Wilson’s one big capital improvement, the 2009 science center, represents a bet that the college lost: Before the economy collapsed in 2008, the trustees were persuaded to invest money donated for the $25-million building and to take out a loan to pay for it, rather than paying the contractors directly. In the lively prerecession financial market, that sounded like a smart idea, but by the time the building opened, the investments had been largely wiped out and only the loan remained, casting a growing shadow over each successive year’s budget. The college is now paying only interest on the debt, but in 2019 it must start making payments of about $1-million a year on the principal.

An Open Process

The debate over coeducation had been building for several months, online as well as in a series of open meetings scheduled by the commission to keep the college community apprised of its progress and to solicit suggestions. As laid out by Ms. Mistick, the commission process was meant not only to take advantage of many of Wilson’s best minds but also to bring alumnae and students along for what were clearly going to be tough decisions—especially since the college kept its deteriorating financial situation largely hidden from alumnae until Ms. Mistick became president in July 2011.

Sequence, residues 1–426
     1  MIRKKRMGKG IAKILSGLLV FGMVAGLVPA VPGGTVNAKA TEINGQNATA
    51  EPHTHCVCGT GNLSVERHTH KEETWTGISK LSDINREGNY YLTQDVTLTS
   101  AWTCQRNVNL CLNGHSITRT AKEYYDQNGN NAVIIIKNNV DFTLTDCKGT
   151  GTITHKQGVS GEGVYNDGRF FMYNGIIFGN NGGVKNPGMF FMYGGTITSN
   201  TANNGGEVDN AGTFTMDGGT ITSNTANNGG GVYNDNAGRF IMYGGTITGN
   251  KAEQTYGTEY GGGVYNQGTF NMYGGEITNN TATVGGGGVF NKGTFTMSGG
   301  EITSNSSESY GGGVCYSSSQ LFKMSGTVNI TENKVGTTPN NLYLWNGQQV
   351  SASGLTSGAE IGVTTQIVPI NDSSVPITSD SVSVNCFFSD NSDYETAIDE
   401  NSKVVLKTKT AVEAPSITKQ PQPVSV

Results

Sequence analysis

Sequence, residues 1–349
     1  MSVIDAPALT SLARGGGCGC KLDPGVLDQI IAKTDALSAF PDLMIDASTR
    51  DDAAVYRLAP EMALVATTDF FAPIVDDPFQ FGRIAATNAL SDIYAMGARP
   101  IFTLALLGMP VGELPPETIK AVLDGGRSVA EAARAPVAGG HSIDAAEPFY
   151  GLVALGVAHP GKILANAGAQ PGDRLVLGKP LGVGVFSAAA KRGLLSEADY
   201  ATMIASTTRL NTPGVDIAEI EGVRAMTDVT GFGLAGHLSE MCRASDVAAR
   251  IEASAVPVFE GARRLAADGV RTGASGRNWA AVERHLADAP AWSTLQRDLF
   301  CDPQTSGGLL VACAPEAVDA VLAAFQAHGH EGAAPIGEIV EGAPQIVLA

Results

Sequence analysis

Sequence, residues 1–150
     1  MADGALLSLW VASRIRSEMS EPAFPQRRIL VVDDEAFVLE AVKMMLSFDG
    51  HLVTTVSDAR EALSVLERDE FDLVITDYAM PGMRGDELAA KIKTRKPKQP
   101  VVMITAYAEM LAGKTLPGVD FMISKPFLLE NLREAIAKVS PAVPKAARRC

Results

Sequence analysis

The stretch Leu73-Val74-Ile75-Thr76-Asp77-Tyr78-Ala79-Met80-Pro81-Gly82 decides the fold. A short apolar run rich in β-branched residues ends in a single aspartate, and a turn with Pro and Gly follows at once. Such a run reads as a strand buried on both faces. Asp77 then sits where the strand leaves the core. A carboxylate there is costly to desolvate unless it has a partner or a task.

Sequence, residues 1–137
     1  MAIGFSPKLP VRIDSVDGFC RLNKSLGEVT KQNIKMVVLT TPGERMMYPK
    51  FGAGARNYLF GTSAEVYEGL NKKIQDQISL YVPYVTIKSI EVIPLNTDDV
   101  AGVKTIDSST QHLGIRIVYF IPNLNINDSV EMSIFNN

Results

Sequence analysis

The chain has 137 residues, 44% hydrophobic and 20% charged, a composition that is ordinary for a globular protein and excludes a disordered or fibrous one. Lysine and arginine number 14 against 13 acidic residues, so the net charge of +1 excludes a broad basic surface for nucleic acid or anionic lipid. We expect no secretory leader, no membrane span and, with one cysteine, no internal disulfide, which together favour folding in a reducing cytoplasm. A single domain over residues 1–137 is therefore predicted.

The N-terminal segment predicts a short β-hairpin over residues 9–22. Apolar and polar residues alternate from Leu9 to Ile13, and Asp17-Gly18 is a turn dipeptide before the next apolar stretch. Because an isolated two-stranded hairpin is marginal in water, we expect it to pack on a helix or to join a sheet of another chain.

She said from the start that everything was on the table, including coeducation—which, once it was an option, may well have been inevitable. Wilson hasn’t met its 400-student target for its undergraduate program since 1973, and this year the program began with just 316 students. Still, everyone involved was mindful of protests that erupted in 2011 when Peace College’s trustees, with no warning, announced that the North Carolina liberal-arts college would go coed and change its name to William Peace University.

In meetings that were streamed online for Wilson alumnae who couldn’t make it to Chambersburg, commission members outlined the challenges Wilson faces as a small-town, tuition-driven college with far too many empty dorm rooms, a library shuttered because of steam leaks, and a field house unimproved since 1966. They talked frankly about data compiled by a consulting firm, Stevens Strategy, that showed where the college’s programs do and don’t match potential students’ interests and how much students would be willing to pay for various offerings.

As the number of hours that commission members spent in meetings ran into the hundreds, PowerPoint slide after PowerPoint slide emerged suggesting that if the college did not go coed, no combination of other changes could keep it solvent.

Without admitting men, the annual deficit in 2020 would be $2.5-million even if the college added appealing programs, improved facilities, and beefed up marketing, said Michael G. Cornelius, the associate professor of English who led the commission’s marketing subcommittee, at an open meeting in November. Too few young women—only 2 to 3 percent—will consider attending a single-sex college, the survey data showed, whereas going coed would actually attract more women to the college than men. Based on the experience of other women’s colleges that have admitted men, such as Wells and Hood Colleges, Mr. Cornelius predicted that in 10 years, Wilson would have a healthy enrollment that would be only 30 percent male.